Spinning Distraction

Blame, Diversions, and Ten Times More Childhood Obesity

Blame and diversions are no substitute for dealing with the complex reality of a rising tide of childhood obesity. In a thoughtful essay, Sara Kirk points to blame and shame  as a tool for diverting public attention away from finding real solutions.

A Ten-Fold Increase Since 1975

For the last 40 years, we’ve been throwing simplistic solutions at this complex problem. And all the while, it’s grown relentlessly. In The Lancet, the NCD Risk Factor Collaboration published the most detailed accounting yet. Worldwide, only 11 million children had obesity. By 2016, that number had grown to 124 million.

No Real Surprises

Kirk describes the facts of a situation that should not surprise any of us. As the world has grown wealthier, the supply of food with lots of calories and rather poor nutrition has grown abundant. And at the same time, we’ve packed people into cities where human-powered movement is difficult and dangerous.

This dynamic has played itself out in the developed world and childhood obesity rates may well be reaching their limits. But it’s progressing rapidly into the developing world and fueling more rapid growth in obesity rates in those countries.

On top of that, Kirk points out that the built environment leaves families to look toward organized sports as a tepid substitute for free play. More drive time means more convenient fast foods gobbled down on the way to programmed physical activity, she says. In this way, time pressure can force some families into unhealthy tradeoffs.

The Diversion of Blame and Shame

Balance What Your Eat, Drink, and Do

In the popular imagination, the world is suffering from a sudden crisis of personal responsibility. Industry messaging – subtle or not – points to personal choices about food and physical activity. “Balance what you eat, drink, and do,” it says. Meanwhile, industry employs marketing strategies that nudge both children and adults to consume ever more of its food and beverage products.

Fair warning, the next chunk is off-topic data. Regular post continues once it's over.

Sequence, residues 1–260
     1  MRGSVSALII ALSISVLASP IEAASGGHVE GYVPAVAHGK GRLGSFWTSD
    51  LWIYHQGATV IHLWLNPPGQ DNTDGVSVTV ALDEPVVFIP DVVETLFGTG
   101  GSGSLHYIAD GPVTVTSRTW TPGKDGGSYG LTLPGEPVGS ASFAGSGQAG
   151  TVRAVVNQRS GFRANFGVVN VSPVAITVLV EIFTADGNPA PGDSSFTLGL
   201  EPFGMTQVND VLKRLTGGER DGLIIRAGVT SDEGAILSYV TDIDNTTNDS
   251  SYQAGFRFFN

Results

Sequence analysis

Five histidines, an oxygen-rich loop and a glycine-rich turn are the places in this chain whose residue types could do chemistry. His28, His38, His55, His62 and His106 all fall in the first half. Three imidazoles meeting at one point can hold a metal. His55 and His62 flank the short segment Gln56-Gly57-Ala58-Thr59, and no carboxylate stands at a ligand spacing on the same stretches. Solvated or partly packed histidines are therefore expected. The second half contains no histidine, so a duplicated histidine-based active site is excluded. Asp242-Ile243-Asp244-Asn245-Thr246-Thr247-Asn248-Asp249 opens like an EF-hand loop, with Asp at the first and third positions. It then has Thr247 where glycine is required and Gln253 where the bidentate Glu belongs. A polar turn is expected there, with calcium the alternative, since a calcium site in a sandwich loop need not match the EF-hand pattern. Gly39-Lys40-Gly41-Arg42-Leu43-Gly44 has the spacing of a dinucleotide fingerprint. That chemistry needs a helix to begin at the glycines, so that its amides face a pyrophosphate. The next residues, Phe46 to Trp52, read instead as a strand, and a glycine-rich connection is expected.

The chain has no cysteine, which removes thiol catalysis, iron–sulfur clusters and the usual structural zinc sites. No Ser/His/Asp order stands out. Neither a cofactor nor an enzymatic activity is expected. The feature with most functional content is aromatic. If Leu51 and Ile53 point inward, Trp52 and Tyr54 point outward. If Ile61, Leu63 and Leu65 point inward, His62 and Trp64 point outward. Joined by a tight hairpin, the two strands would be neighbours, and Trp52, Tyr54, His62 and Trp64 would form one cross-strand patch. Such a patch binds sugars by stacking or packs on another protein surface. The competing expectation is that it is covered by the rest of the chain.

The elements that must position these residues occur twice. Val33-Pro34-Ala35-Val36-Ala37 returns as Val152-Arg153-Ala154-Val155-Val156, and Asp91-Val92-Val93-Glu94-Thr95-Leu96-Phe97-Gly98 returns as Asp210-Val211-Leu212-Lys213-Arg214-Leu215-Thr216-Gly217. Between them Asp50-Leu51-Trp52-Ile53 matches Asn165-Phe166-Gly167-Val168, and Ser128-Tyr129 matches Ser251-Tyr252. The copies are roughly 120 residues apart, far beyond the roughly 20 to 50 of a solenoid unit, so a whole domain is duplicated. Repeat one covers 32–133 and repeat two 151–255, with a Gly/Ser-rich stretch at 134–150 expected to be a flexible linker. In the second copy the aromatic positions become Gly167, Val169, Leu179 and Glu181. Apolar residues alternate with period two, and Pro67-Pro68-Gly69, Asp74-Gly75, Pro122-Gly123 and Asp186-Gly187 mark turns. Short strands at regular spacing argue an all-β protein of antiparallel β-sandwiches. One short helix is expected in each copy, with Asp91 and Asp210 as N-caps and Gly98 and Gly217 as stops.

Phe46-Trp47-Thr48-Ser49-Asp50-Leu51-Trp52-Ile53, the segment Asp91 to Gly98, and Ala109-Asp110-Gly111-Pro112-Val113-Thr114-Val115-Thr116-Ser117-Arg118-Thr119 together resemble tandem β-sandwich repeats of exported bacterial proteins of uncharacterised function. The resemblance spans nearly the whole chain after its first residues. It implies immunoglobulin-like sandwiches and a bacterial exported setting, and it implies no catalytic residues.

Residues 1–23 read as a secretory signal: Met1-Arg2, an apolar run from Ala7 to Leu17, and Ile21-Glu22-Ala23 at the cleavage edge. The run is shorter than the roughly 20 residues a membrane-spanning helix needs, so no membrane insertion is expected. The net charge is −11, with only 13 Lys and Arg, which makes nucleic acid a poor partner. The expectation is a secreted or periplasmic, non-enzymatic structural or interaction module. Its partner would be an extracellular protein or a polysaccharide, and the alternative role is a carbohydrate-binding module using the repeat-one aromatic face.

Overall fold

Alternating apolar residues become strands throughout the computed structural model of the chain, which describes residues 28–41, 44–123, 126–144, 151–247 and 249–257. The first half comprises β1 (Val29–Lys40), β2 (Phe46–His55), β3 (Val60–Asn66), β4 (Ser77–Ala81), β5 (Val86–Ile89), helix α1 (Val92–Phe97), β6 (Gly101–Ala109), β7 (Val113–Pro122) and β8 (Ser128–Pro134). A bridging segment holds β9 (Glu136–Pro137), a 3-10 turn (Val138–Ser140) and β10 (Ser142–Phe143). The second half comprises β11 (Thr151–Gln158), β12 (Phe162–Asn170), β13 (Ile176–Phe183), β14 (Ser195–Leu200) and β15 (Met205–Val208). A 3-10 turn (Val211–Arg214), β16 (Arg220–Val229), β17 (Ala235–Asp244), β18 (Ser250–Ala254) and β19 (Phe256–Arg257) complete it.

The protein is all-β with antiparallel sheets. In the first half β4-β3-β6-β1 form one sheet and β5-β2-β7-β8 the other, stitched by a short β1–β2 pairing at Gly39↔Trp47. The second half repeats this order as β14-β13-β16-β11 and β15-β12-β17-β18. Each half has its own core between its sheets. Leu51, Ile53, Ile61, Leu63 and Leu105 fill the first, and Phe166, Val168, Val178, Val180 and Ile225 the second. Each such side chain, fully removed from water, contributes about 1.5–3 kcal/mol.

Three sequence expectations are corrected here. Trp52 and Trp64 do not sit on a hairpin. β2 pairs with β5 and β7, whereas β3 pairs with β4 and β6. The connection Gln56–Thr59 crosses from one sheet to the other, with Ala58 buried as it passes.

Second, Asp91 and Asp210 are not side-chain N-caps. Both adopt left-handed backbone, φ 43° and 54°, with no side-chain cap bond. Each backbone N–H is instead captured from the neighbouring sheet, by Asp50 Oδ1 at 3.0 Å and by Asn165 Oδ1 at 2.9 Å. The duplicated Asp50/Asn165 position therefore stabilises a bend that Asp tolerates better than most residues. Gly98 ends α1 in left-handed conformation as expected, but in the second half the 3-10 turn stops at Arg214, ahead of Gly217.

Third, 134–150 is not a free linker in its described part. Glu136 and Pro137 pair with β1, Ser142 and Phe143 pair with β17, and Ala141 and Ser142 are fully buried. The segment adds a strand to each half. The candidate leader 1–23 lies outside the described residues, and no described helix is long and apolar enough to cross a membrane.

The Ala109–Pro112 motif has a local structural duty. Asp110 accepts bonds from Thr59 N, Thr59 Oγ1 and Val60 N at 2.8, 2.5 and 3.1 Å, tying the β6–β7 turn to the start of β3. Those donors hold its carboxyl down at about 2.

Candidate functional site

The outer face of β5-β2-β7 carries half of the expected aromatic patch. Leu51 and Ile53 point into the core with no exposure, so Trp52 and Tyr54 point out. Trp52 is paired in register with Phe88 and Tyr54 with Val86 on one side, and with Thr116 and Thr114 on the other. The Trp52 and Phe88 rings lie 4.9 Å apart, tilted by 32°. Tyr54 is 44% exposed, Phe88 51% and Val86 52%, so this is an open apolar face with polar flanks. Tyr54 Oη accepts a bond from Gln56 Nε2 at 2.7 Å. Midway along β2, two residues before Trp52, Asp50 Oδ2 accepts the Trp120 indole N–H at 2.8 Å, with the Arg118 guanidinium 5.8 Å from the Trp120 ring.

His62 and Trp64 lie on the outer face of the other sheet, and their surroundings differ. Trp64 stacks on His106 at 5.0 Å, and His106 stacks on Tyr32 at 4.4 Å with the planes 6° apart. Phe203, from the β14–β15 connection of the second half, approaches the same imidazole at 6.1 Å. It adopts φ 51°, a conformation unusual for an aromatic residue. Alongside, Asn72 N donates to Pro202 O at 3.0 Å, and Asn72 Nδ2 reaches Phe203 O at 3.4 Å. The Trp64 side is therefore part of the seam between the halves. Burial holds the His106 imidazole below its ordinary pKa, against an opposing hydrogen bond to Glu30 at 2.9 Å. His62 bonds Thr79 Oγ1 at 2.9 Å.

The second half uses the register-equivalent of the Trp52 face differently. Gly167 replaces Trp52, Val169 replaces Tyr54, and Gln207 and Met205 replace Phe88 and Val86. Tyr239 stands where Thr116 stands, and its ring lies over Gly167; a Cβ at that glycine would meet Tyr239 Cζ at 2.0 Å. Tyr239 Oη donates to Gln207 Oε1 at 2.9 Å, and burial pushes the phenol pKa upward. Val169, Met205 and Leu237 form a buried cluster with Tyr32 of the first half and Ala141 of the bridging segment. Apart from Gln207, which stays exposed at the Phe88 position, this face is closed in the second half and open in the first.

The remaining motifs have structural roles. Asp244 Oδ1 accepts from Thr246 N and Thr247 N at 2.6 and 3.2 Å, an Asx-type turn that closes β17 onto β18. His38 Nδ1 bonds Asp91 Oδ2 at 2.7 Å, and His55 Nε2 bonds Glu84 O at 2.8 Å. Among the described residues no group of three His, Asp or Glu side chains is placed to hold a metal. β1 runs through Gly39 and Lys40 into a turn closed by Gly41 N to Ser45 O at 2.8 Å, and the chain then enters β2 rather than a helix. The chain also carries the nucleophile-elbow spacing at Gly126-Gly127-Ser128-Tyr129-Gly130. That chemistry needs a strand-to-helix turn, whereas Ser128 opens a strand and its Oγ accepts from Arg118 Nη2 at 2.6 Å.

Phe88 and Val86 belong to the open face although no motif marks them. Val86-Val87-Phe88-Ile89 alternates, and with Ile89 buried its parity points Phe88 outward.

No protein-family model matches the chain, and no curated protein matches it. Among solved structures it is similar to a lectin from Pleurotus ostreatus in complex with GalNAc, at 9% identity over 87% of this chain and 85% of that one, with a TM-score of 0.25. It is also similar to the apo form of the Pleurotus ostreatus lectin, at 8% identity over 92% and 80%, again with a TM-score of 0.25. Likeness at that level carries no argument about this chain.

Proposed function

It’s a business model that prioritizes consumption over health.

Public health brings its share of diversions to the table. Narrow campaigns to drive certain classes of food and beverages into oblivion invite a game of whack-a-mole. New problem foods and drinks replace the old ones before we know what hits us.

And then, we have misguided anti-obesity campaigns. With stigmatizing imagery and catastrophic language, they add to the stigma that people with obesity already face. Amping up the problem without providing solutions makes the problem worse. If we never see another headless belly, it will be too soon.

We need more complete solutions, not more scapegoats. We need thoughtful action, guided by evidence and objective assessments.

For Kirk’s commentary, click here. Her research on the tension between healthy meals and sports is here, while the Lancet report is here.

Spinning Distraction, photograph © Robert Couse-Baker / flickr

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October 20, 2017

2 Responses to “Blame, Diversions, and Ten Times More Childhood Obesity”

  1. October 20, 2017 at 10:13 am, John DiTraglia said:

    The “no real surprise” section sounds like definitive explanation. Circumstantial evidence is not necessarily causal evidence.

    • October 20, 2017 at 11:42 am, Ted said:

      Thanks, John. You have a point. We do not definitively know which changes in the food supply and our physical environment are making the greatest contributions to excess obesity. However, it’s pretty clear that changes in those factors are contributing.